More ‘green time’ and less screen time ‘helps children’s mental health’

Children’s mental health and performance in school can be improved by giving them more ‘green time’ in natural environments and less ‘screen time’ spent staring at devices, new research suggests. 

A review of 186 studies found time spent in woods, parks and nature reserves positively affects both kids’ psychological well-being and academic achievement.  

Meanwhile, screen time – time spent watching TV, computers or playing video games – was associated with poor psychological outcomes, including increased mental illness, poorer cognitive functioning and poorer academic achievement.     

Generally, kids from low socioeconomic backgrounds are under-represented in scientific studies into the effects of a lack of access to green space, meaning the issue could be even worse than anticipated.  

A University of Adelaide review of 186 studies from around the world found green time is better for children and adolescents mental health and academic achievement than screen time

‘Children and adolescents from low socioeconomic backgrounds may engage in higher levels of screen time and have less access to nature in their neighbourhoods,’ said Tassia Oswald at the University of Adelaide, South Australia. 

‘The psychological consequences of excessive screen time appears to possibly be worse for these children, while psychological benefits of green time appears to possibly be greater for these children.’ 

The prevalence of mental illness among children and adolescents is increasing globally, and in particular, depression and anxiety are leading causes of reduced quality of life among children and adolescents. 

Experiences of depressive and anxiety symptoms in childhood and adolescence are associated with an elevated risk of poor mental health in adulthood, suggesting ‘enduring consequences’, the experts say.  

But it has been often claimed that immersing children in nature can improve their scientific understanding, awaken the senses and offer psychological respite from the confines of the living room. 

Other studies suggest that even just putting up pictures of trees and greenery can affect psychological outcomes – even if the space itself doesn’t change. 

Word cloud of the different activities that constitute green time (green) and screen time (blue)

Word cloud of the different activities that constitute green time (green) and screen time (blue)

Oswald and her fellow researchers based their findings on 186 previous studies about children and adolescents’ mental health and academic achievement and their time spent in front of screens, around nature, or both.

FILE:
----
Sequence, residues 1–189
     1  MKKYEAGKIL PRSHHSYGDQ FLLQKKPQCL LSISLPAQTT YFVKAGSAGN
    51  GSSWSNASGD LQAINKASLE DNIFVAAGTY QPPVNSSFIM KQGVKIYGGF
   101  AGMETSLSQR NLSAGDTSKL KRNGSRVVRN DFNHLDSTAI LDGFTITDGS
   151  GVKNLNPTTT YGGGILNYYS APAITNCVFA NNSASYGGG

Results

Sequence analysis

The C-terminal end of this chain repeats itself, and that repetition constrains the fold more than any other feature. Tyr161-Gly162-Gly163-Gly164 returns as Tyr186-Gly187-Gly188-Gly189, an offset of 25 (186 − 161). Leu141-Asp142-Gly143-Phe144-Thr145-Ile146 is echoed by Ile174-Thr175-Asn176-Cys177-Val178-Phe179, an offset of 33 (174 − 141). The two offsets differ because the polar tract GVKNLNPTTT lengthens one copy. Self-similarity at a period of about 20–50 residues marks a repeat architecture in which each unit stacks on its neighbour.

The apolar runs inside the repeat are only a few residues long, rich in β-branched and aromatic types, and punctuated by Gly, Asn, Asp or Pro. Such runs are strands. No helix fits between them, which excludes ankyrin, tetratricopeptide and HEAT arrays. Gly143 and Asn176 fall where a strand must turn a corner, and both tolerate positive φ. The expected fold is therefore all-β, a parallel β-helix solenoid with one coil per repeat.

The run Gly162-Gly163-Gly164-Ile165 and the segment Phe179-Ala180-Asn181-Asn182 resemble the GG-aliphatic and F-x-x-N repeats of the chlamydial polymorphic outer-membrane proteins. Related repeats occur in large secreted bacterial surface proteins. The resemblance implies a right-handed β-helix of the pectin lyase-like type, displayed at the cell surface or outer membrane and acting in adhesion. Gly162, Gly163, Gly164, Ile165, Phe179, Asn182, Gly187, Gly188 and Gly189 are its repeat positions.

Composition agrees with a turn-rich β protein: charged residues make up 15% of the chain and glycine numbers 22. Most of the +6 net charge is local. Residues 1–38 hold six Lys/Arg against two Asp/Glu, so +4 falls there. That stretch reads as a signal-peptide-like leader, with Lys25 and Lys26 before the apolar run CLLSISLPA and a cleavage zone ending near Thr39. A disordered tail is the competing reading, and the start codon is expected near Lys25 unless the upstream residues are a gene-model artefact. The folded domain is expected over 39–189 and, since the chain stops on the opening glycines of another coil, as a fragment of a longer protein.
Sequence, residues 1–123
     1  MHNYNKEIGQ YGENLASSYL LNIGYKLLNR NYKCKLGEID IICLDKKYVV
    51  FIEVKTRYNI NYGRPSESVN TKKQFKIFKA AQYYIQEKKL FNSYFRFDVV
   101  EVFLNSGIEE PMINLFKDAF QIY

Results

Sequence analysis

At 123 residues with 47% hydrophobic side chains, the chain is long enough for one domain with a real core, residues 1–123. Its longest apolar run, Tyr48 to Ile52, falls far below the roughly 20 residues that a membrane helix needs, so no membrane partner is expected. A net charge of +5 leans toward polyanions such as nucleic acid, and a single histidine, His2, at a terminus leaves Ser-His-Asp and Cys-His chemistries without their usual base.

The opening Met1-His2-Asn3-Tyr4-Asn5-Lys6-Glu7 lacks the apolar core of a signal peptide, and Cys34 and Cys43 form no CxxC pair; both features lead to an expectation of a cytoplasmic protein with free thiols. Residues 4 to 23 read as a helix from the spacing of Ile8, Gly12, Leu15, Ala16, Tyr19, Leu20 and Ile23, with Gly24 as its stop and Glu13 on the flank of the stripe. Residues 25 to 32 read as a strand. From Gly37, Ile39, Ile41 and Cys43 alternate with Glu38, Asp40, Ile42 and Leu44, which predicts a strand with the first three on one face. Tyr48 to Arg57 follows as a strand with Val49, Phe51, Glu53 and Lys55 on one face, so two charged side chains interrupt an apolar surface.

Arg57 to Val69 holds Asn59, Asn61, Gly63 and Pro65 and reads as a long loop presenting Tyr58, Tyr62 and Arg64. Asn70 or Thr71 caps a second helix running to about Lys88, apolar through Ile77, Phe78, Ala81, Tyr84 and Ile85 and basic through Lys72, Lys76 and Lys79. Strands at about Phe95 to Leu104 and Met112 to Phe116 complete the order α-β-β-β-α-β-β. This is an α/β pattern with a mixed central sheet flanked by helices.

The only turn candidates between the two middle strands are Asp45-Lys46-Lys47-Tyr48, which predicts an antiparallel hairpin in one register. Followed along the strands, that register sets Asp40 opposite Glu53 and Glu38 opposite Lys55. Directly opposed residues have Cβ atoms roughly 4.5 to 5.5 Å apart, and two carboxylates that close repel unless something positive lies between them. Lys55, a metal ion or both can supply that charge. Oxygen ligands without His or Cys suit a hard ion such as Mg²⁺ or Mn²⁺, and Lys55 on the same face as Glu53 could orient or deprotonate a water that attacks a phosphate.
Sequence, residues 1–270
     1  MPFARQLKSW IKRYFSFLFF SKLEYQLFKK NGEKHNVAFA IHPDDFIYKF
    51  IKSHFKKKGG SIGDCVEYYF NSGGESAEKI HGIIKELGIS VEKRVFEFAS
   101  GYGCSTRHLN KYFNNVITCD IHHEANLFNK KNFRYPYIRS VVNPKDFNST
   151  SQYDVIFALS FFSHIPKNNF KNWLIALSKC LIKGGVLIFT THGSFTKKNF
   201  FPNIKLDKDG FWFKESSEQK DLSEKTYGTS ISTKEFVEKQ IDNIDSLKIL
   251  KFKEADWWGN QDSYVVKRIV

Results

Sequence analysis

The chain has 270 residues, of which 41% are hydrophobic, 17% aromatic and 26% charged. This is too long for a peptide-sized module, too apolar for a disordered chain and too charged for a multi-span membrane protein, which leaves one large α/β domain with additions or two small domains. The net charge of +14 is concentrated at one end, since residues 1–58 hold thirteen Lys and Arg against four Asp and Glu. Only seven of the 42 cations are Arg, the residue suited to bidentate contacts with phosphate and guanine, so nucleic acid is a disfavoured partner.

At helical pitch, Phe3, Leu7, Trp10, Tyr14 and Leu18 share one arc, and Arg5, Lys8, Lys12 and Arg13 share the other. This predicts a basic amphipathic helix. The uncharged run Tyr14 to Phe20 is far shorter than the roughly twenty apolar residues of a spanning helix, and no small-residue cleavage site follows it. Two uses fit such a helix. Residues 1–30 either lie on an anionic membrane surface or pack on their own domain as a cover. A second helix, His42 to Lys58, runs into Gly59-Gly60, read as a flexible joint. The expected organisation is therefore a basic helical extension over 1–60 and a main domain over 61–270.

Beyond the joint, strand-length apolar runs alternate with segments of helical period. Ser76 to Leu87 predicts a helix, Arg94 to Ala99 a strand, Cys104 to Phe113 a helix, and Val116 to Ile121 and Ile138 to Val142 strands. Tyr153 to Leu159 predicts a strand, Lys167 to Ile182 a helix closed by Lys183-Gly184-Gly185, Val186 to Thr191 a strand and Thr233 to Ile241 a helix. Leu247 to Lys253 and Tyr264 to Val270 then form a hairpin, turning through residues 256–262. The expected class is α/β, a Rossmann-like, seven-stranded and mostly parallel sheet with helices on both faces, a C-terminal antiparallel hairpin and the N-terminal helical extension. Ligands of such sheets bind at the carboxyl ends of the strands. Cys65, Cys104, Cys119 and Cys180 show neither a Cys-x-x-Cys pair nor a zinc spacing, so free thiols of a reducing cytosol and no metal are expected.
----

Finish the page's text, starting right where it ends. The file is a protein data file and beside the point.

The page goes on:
Of these, most (114) were about screen time alone, 58 were about green time alone, and just 14 had elements of both.  

The review collected evidence assessing associations between screen time, green time and psychological outcomes for young children (below 5 years), schoolchildren (5 to 11 years), early adolescents (12 to 14 years), and older adolescents (15 to 18 years).  

In general, high levels of screen time appeared to be associated with unfavourable psychological outcomes – mental health, cognitive functioning and academic achievement.

While green time appeared to be associated with favourable psychological outcomes.  

Screen time - time spent watching TV, computers or playing video games - is generally associated with poor psychological outcomes for children and adolescents including increased levels of mental illness, poorer cognitive functioning and poorer academic achievement

Screen time – time spent watching TV, computers or playing video games – is generally associated with poor psychological outcomes for children and adolescents including increased levels of mental illness, poorer cognitive functioning and poorer academic achievement 

Overall, green time could ‘buffer’ the consequences of high screen time.

Therefore nature may be ‘an under-utilised public health resource’ for youth psychological well-being in an era of high-tech.   

Oswald said it’s still hard to know whether high screen time alone, low green time alone or the combination of both is responsible for poorer child and adolescent mental health.

‘More research in this direction would help us to work out whether we should focus our efforts on reducing young people’s screen time or whether simply increasing their green time alongside their screen time would be beneficial for their psychological well-being,’ she said. 

Much screen time research is related to older forms of technology – television, video games and computers, Oswald claims. 

Therefore, future research should start to focus at the psychological effects of portable technologies like smartphones and tablets.

These support a rich variety of apps that could actually be helping mental health, and, as demonstrated during lockdown, academic studies.   

Experiences of mental illness in childhood or adolescence have implications for an individual’s lifelong mental health trajectory.

‘So prevention is key and identifying exposures which harm or help mental health is especially important for young people,’ Oswald said. 

Studies have already linked access or a proximity to green spaces with good performance in school